screen session has 12 open windows on it. It’s been running for weeks… I know I executed an ImageMagick
convert command in one of these 12 screen windows sometime last week… is there any way I can easily search through the Bash history of all 12 instances, without closing them or running
history | grep convert in all 12 screens?
Thank you for visiting the Q&A section on Magenaut. Please note that all the answers may not help you solve the issue immediately. So please treat them as advisements. If you found the post helpful (or not), leave a comment & I’ll get back to you as soon as possible.
You can run
history -a; history -c in all windows to save the history. And then
history -r to refresh it.
To solve it more permanently add this to your
export PROMPT_COMMAND="history -a; history -c; history -r; $PROMPT_COMMAND"
Sounds difficult. Here are a couple of methods that may work for you.
If you have process accounting tools installed (on Linux, look for a package called
acct) and the permission to use them, you can find out when and possibly on what terminal you ran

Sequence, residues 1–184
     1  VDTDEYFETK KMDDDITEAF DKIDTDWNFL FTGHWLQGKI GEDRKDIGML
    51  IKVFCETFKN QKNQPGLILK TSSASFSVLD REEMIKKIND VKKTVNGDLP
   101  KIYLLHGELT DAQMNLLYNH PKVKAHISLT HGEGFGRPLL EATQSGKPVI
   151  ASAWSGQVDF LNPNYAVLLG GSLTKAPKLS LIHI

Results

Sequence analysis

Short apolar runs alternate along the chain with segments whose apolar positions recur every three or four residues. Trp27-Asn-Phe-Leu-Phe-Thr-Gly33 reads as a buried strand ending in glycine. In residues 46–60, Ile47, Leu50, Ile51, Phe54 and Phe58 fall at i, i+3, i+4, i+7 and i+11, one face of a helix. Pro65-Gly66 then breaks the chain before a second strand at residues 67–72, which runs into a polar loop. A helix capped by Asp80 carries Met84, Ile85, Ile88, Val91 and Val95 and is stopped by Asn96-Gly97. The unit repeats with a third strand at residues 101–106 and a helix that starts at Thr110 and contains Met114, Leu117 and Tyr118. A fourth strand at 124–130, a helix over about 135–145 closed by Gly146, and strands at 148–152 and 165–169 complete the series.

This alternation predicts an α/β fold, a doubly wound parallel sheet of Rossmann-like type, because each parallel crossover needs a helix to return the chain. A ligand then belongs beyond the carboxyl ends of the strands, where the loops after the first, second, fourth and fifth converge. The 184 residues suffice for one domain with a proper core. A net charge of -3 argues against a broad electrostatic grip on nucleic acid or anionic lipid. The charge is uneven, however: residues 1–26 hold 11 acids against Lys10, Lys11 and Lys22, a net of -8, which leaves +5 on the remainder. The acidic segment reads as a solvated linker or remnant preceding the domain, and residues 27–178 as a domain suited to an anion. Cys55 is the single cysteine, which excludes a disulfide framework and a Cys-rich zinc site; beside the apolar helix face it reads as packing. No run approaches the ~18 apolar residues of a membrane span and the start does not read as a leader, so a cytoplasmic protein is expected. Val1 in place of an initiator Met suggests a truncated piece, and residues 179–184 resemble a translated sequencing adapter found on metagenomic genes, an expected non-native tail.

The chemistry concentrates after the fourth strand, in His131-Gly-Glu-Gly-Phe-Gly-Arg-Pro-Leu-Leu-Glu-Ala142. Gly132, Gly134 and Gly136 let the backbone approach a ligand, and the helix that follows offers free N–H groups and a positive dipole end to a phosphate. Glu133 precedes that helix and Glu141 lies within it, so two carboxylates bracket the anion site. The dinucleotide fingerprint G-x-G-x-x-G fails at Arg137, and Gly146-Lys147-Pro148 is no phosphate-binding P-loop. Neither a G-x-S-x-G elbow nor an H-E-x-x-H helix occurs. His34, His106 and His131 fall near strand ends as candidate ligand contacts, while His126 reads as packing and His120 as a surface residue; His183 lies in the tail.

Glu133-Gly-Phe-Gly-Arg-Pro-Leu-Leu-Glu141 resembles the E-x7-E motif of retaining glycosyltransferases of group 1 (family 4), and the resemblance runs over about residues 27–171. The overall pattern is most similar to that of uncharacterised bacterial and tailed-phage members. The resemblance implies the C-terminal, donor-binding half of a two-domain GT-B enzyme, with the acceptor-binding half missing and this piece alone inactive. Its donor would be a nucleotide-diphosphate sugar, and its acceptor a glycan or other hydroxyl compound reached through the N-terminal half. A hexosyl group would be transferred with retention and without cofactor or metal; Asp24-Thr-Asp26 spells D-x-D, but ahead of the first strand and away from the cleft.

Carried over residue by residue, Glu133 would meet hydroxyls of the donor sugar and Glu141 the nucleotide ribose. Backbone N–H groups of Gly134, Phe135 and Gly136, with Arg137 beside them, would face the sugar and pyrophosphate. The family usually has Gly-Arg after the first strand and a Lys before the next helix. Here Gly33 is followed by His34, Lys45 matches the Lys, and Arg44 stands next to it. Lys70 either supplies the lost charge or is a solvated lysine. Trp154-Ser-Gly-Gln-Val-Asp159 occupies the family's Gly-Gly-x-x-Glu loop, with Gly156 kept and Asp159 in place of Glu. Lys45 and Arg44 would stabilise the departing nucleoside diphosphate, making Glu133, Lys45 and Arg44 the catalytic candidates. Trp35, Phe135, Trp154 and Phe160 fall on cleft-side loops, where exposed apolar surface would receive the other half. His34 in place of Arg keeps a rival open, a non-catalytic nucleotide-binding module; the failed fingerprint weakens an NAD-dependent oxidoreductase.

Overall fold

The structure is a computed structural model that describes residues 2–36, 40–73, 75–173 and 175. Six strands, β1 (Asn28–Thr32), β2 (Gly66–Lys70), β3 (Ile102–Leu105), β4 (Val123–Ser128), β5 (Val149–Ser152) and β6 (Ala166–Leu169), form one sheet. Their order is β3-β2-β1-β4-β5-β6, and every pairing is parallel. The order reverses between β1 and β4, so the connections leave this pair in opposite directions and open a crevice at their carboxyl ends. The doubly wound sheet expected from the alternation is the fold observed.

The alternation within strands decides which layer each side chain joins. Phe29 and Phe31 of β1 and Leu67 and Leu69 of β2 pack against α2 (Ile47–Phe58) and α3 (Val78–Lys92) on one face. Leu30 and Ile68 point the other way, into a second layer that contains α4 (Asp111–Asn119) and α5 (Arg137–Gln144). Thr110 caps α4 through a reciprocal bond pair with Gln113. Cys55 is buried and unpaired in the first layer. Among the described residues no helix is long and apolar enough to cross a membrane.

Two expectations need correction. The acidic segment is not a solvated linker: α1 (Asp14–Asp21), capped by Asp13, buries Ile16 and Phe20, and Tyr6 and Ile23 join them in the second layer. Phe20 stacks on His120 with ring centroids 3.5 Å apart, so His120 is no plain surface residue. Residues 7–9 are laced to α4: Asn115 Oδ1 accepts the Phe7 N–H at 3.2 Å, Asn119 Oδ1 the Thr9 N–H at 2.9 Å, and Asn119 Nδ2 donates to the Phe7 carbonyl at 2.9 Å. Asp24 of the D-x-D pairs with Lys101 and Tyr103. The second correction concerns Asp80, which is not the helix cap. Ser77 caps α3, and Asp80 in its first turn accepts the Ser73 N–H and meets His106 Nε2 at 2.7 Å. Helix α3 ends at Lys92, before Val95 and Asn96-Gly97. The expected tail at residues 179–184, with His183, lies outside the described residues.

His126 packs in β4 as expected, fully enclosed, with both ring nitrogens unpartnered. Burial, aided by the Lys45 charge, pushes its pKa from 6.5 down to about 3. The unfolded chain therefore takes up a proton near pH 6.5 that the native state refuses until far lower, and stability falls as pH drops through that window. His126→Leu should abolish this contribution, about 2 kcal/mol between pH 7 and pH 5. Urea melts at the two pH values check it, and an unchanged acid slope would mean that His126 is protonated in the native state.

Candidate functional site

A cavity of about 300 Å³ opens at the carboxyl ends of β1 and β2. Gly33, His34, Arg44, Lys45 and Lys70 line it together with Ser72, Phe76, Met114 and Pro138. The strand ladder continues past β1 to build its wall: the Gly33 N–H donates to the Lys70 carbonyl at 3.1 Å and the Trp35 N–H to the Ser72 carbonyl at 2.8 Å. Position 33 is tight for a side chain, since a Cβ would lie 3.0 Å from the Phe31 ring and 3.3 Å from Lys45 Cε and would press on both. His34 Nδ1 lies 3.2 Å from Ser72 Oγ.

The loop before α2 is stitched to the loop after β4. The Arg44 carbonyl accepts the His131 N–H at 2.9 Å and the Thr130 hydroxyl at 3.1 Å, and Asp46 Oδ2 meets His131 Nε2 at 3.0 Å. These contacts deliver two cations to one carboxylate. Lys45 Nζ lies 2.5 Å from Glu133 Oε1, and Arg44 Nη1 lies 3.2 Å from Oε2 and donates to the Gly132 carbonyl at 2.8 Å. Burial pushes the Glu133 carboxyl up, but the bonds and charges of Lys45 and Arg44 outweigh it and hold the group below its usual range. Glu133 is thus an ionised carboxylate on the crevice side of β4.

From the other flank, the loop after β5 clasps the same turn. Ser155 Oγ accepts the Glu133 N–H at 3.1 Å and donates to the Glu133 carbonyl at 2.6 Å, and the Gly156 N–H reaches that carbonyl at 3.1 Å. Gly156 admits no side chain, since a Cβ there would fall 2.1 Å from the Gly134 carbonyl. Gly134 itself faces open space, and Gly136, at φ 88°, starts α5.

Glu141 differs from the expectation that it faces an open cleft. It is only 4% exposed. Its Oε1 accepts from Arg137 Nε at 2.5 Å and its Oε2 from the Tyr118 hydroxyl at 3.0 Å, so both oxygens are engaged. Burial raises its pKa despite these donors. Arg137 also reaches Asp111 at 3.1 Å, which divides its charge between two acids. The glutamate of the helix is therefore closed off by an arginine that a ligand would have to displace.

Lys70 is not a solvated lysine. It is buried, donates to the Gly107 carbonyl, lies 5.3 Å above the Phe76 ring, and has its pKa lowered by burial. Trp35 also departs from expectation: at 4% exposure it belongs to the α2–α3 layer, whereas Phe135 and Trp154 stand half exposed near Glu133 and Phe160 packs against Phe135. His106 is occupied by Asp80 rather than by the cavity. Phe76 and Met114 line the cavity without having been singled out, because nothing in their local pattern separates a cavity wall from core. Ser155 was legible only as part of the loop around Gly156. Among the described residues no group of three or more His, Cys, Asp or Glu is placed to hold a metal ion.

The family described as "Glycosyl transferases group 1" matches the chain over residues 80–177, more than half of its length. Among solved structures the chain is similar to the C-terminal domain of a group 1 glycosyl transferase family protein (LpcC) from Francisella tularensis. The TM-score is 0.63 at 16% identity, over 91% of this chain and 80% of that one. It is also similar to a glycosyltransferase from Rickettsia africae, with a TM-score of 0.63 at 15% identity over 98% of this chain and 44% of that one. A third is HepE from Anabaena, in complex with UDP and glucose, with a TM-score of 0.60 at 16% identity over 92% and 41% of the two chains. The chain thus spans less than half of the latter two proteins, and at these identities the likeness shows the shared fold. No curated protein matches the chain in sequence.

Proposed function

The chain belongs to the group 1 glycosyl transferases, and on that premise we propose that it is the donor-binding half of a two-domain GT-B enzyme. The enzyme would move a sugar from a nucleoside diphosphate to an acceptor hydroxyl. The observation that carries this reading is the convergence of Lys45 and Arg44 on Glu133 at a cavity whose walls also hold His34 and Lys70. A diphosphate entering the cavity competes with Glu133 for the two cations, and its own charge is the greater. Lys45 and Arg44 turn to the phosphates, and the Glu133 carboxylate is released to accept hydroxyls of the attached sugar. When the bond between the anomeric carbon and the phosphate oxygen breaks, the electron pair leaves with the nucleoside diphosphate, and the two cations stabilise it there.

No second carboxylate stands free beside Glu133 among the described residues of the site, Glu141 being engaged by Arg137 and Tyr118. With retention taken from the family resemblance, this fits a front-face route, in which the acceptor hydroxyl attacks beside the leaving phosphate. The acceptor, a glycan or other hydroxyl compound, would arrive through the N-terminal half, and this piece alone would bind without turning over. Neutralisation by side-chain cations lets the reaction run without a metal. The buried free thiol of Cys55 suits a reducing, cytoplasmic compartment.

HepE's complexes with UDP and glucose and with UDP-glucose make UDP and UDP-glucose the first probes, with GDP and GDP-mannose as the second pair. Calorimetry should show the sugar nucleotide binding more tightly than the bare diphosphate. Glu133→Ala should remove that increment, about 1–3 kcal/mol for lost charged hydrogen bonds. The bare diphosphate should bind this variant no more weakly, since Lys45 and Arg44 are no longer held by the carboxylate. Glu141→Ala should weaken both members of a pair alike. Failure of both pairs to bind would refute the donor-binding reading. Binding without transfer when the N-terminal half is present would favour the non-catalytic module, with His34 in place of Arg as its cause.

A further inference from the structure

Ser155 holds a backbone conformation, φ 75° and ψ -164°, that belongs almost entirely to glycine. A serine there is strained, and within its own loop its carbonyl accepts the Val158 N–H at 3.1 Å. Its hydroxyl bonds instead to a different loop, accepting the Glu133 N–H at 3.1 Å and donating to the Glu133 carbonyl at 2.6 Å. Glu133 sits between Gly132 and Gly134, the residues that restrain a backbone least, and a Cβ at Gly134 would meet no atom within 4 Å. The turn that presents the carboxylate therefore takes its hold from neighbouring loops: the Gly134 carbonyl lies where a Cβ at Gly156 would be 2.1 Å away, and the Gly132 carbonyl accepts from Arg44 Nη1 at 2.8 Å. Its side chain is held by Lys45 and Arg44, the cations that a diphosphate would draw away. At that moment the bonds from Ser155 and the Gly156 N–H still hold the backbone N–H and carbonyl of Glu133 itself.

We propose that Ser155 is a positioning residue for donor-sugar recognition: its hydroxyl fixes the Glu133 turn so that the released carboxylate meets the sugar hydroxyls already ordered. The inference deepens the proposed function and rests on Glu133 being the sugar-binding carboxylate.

If this is unavailable or unconclusive, you can execute a
historycommand in each instance of bash to look for
convertcommands. This will find commands that were in the history file when bash started as well.
: >/tmp/convert.history for w in $(seq 0 11); do screen -p $w -X stuff 'history | sed 's/^.*convert/'$w'&/" >>/tmp/convert.history '; done
$(seq 0 11)iterates over the numbers of your screen windows. Make sure to skip windows that are not currently running bash but some other process that would interpret input differently.
screen -p $w stuff …sends the following string as input to the specified window. You need the newline at the end of the string.
- The file
/tmp/convert.historywill contain a list of lines like
3 convert foo.jpg, if you ran
convert foo.jpgin window 3.
tcsh allows you to share history between sessions through use of the periodic alias.
In your .cshrc (or .tcshrc) file:
set tperiod = 60 #(or any other number. Time in minutes between refreshing) alias periodic 'history -S; echo "Syncing history"'
This will automatically execute the history command every 60 minutes. This will save history to a common history file in your home directory. To update the history more often, either lower the tperiod number, or simply execute the “periodic” command to manually refresh
Bash only writes the history when it exits, which makes this problematic at best. I’ve heard that zsh can share history between active sessions.